Altogether, our results indicate the basic potential of individualizing NR based on PTA and (to a lesser extent) executive functions. Furthermore, they point toward a need for alternative diagnostic measures that can capture more of the variability in preference for different NR settings, and current work in our laboratory is concerned with this issue.

Conflict of Interest Statement

The research reported in this article was co-funded by Siemens Audiologische Technik, Erlangen, Germany. However, the contents represent the work and private views of the author only.

Acknowledgments

The author thanks his colleagues at the Hörzentrum Oldenburg for their help with recruiting the participants and performing the measurements, Giso Grimm for support with the Master Hearing Aid, and Jim Kates for supplying the HASQI code. This research was funded by the DFG Cluster of Excellence EXC 1077/1 “Hearing4all” and by Siemens Audiologische Technik, Erlangen, Germany. Parts of it were presented at the 2014 International Hearing Aid Research Conference, Lake Tahoe, California, Aug. 13–17.

References

Akeroyd, M. A. (2008). Are individual differences in speech reception related to individual differences in cognitive ability? A survey of twenty experimental studies with normal and hearing-impaired adults. Int. J. Audiol. 47, 53–71. doi: 10.1080/14992020802301142

CrossRef Full Text | Google Scholar

Anderson, M. C., Arehart, K. H., and Kates, J. M. (2009). The acoustic and perceptual effects of series and parallel processing. EURASIP J. Adv. Signal Process. 2009:619805. doi: 10.1155/2009/619805

Pubmed Abstract | Pubmed Full Text | CrossRef Full Text | Google Scholar

ANSI. (1997). Methods for Calculation of the Speech Intelligibility Index (S3.5-1997). New York, NY: American National Standards Institute.

Arehart, K. H., Kates, J. M., Anderson, M. C., and Harvey, L. O. Jr. (2007). Effects of noise and distortion on speech quality judgments in normal-hearing and hearing-impaired listeners. J. Acoust. Soc. Am. 122, 1150–1164. doi: 10.1121/1.2754061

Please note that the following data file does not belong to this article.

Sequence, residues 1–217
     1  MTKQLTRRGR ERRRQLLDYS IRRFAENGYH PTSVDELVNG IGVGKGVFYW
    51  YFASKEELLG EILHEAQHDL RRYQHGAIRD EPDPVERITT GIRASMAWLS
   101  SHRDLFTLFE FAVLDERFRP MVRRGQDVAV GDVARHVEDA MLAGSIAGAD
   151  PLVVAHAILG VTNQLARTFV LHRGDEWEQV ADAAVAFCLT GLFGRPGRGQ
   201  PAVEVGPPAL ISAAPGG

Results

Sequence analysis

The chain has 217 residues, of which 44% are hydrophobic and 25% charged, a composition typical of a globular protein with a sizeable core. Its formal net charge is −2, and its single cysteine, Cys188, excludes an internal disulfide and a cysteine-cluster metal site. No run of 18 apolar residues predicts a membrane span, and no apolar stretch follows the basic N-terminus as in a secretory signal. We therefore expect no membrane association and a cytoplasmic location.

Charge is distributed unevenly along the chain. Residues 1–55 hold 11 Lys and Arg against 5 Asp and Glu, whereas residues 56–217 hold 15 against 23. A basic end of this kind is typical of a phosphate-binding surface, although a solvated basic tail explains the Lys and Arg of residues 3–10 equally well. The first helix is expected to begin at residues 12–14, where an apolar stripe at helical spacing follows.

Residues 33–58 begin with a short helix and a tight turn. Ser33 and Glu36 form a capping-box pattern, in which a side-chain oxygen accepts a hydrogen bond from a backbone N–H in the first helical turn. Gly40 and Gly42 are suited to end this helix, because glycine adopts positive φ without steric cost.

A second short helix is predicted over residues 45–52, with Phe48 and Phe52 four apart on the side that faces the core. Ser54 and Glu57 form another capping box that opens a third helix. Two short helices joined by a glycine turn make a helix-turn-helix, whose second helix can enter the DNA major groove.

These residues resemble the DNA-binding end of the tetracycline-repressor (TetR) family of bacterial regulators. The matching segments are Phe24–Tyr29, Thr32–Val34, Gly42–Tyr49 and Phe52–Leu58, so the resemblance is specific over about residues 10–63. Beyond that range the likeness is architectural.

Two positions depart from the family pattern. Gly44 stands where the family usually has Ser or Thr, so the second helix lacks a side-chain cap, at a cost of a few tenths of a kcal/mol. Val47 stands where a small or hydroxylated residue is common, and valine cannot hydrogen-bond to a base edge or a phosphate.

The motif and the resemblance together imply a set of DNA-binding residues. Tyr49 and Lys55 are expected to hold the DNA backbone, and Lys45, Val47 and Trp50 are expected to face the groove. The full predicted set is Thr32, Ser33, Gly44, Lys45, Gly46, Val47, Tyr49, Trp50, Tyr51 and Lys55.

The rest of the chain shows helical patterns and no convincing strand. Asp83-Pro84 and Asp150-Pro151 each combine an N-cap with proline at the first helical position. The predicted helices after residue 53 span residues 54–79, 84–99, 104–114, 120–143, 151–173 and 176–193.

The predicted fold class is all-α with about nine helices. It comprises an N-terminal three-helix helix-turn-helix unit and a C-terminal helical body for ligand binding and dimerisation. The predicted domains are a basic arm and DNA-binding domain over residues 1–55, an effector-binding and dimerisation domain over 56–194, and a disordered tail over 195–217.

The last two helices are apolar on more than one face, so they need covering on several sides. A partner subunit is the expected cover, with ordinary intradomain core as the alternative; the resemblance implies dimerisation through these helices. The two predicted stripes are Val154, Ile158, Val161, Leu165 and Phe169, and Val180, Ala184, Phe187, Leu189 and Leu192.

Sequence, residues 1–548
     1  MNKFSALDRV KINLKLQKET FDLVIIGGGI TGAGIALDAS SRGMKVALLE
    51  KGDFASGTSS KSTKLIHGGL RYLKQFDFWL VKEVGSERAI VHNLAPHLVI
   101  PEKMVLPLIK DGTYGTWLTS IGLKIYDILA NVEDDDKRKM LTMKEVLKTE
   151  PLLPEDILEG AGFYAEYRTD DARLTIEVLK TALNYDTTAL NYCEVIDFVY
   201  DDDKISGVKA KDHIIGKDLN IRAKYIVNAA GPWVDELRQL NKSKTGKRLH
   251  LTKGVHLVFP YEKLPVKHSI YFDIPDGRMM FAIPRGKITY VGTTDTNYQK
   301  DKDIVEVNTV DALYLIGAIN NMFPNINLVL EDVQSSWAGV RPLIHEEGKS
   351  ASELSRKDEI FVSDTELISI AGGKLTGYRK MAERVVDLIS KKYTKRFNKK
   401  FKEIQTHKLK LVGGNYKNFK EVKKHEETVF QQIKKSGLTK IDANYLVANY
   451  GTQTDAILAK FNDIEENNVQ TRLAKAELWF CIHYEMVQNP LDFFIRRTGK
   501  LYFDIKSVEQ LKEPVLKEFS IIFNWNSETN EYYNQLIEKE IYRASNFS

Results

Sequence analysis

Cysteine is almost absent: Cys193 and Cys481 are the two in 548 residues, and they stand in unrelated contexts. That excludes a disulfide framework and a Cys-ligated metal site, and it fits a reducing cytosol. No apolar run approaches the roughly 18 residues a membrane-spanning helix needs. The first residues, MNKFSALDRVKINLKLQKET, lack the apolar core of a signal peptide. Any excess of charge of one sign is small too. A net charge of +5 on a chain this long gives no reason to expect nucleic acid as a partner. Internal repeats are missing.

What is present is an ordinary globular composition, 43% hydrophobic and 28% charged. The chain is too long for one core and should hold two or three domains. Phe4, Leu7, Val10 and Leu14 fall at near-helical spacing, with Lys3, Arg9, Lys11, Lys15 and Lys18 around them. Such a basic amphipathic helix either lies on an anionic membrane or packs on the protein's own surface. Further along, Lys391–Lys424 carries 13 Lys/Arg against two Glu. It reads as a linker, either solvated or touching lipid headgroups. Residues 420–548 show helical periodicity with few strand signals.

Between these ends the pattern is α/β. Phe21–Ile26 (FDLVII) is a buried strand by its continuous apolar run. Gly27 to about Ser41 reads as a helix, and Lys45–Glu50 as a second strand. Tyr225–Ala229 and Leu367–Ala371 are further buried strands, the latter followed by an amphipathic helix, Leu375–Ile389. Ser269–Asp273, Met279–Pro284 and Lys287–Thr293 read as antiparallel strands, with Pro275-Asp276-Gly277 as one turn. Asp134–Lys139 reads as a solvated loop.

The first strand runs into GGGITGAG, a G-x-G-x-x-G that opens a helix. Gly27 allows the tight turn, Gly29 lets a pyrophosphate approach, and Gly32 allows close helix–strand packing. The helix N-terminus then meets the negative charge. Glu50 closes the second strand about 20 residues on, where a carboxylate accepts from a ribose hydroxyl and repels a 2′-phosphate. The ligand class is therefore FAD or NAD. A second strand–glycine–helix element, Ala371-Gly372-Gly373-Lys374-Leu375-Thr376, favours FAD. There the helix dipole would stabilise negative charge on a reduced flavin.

Pubmed Abstract | Pubmed Full Text | CrossRef Full Text | Google Scholar

Arehart, K. H., Souza, P., Baca, R., and Kates, J. M. (2013). Working memory, age, and hearing loss: susceptibility to hearing aid distortion. Ear Hear. 34, 251–260. doi: 10.1097/AUD.0b013e318271aa5e

Pubmed Abstract | Pubmed Full Text | CrossRef Full Text | Google Scholar

Brons, I., Houben, R., and Dreschler, W. A. (2013). Perceptual effects of noise reduction with respect to personal preference, speech intelligibility, and listening effort. Ear Hear. 34, 29–41. doi: 10.1097/AUD.0b013e31825f299f

Pubmed Abstract | Pubmed Full Text | CrossRef Full Text | Google Scholar

Byrne, D., Parkinson, A., and Newall, P. (1991). “Modified hearing aid selection procedures for severe/profound hearing losses,” in The Vanderbilt Hearing Aid Report II, eds G. A. Studebaker, F. H. Bess, and L. B. Beck (Parkton, NC: York Press), 295–300.

Carroll, R., Meis, M., Schulte, M., Vormann, M., Kiessling, J., and Meister, H. (2014). Development of a German reading span test with dual task design for application in cognitive hearing research. Int. J. Audiol. doi: 10.3109/14992027.2014.952458. [Epub ahead of print].

Pubmed Abstract | Pubmed Full Text | CrossRef Full Text | Google Scholar

CHABA. (1988). Speech understanding and aging. J. Acoust. Soc. Am. 83, 859–895. doi: 10.1121/1.395965

Pubmed Abstract | Pubmed Full Text | CrossRef Full Text

Chan, R. C., Shum, D., Toulopoulou, T., and Chen, E. Y. (2008). Assessment of executive functions: review of instruments and identification of critical issues. Arch. Clin. Neuropsychol. 23, 201–216. doi: 10.1016/j.acn.2007.08.010

Pubmed Abstract | Pubmed Full Text | CrossRef Full Text | Google Scholar

Daneman, M., and Carpenter, P. A. (1980). Individual differences in working memory and reading. J. Verbal Learn. Verbal Behav. 19, 450–466. doi: 10.1016/S0022-5371(80)90312-6

CrossRef Full Text | Google Scholar

David, H. A. (1963). The Method of Paired Comparisons. New York, NY: Hafner.

Google Scholar

Desjardins, J. L., and Doherty, K. A. (2013). Age-related changes in listening effort for various types of masker noises. Ear Hear. 34, 261–272. doi: 10.1097/AUD.0b013e31826d0ba4

Pubmed Abstract | Pubmed Full Text | CrossRef Full Text | Google Scholar

Dillon, H. (2012). Hearing Aids. Sydney, NSW: Boomerang Press.

Google Scholar

Elko, G. W., and Pong, A.-T. N. (1995). “A simple adaptive first-order differential microphone,” in IEEE Workshop on Applications of Signal Processing to Audio and Acoustics (New Paltz, NY), 169–172.

Fidell, L. S., and Tabachnick, B. G. (2006). Using Multivariate Statistics. New York, NY: Harper and Row.

Google Scholar

Gatehouse, S., and Akeroyd, M. A. (2008). The effects of cueing temporal and spatial attention on word recognition in a complex listening task in hearing-impaired listeners. Trends Amplif. 12, 145–161. doi: 10.1177/1084713808317395

Pubmed Abstract | Pubmed Full Text | CrossRef Full Text | Google Scholar

Gatehouse, S., Naylor, G., and Elberling, C. (2006a). Linear and nonlinear hearing aid fittings - 1. Patterns of benefit. Int. J. Audiol. 45, 130–152. doi: 10.1080/14992020500429518